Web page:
The Mammy myth allowed Americans in the North and South to ignore the brutality of slavery by claiming that black women were tied to white families through genuine bonds of affection. Mammy justified past enslavement and continuing oppression. Privileged, Southern white women were central in creating and propagating the Mammy myth. In 1923, the United Daughters of the Confederacy were nearly successful in lobbying Congress to erect a statue on federal land to honor "the memory of the faithful colored mammies of the South." The desire to memorialize Mammy reveals how Southern white women reveled in the subordinate role of their darker peers. These black women were vulnerable to the sexual and labor exploitation of slaveholders and household employers. These women masked their true thoughts and personalities in order to gain a modicum of security for themselves and
The Mammy monument was meant to display black women as the faithful, feisty, loyal servants of white domesticity. In the face of the Mammy myth, real black women spoke for themselves against the monument. It was substantial, sustained, opposition from organized African American women and the black press that killed the Mammy monument proposal.Media have cast the choice in the current election as a simple binary between race and gender. But those who claim that black women are ignoring gender issues by voting for Barack just don't get it. Hillary cannot have black women's allegiance for free. Black women will not be relegated to the status of supportive Mammy, easing the way for privileged white women to enter the halls of power. Black feminist politics is not simple identity politics. It is not about letting brothers handle the race stuff or about letting white women dominate the gender stuff.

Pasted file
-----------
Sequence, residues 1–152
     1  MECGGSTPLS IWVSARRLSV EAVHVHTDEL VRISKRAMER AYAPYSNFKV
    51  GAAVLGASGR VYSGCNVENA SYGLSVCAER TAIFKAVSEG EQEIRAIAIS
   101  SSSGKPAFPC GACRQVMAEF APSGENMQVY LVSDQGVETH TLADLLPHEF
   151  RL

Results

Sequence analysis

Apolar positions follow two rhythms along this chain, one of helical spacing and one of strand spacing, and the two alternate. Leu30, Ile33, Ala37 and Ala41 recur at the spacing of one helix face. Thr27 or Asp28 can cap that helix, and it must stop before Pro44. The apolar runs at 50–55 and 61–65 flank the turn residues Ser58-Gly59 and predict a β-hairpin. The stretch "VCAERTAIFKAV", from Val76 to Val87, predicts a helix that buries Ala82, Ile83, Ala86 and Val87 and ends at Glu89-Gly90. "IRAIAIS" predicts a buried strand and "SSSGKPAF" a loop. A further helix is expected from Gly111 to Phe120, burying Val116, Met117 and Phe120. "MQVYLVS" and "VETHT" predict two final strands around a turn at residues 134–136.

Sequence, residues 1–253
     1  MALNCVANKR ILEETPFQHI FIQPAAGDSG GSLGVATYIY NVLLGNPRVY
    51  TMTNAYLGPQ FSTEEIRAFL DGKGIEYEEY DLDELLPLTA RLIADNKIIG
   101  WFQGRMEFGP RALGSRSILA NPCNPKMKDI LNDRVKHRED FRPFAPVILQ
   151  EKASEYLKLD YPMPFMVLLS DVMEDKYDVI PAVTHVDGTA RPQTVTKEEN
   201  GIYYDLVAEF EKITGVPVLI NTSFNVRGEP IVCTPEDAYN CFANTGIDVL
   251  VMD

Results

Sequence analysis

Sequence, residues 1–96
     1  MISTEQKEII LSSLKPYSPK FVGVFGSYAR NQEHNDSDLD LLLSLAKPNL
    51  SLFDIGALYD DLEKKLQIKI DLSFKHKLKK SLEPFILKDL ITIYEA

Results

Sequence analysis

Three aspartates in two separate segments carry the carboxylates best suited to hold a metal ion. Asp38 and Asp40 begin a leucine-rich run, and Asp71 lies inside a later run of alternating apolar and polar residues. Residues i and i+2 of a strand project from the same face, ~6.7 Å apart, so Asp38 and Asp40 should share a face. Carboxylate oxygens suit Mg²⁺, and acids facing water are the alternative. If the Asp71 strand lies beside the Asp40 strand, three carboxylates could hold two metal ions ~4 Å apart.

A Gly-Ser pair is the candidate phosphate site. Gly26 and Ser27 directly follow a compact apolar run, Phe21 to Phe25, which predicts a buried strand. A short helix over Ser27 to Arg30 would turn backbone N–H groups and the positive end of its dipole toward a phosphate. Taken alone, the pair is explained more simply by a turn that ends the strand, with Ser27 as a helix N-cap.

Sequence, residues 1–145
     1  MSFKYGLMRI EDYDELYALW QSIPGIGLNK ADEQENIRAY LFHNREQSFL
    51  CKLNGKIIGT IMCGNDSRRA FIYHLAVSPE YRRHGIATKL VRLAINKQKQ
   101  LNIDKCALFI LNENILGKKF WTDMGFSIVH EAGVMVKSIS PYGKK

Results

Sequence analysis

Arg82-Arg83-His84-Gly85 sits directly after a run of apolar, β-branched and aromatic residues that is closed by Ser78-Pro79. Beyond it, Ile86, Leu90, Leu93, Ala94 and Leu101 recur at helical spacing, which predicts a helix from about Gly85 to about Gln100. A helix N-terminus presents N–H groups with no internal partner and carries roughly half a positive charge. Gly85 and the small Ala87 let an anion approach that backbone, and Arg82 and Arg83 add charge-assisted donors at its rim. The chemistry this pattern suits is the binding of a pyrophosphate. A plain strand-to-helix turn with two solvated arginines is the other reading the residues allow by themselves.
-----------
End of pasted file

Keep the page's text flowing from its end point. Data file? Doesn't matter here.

The black women's fight is on all fronts. Sisters resist the ways that black male leaders try to silence women's issues and squash women's leadership. At the same time, black women challenge white women who want to claim black women's allegiance without acknowledging the realities of racism. They will not be drawn into any simple allegiance that refuses to account their full humanity and citizenship. Black women want out of the war. Black women need health insurance. Black women need decent schools for their children. Black women need a strong economy that creates jobs. Black women need help caring for their aging parents. Black women want a Democratic win in the fall. Sisters chose Barack on Tuesday because they believe he can deliver these things and that is much more empowering than just having a woman in the White House.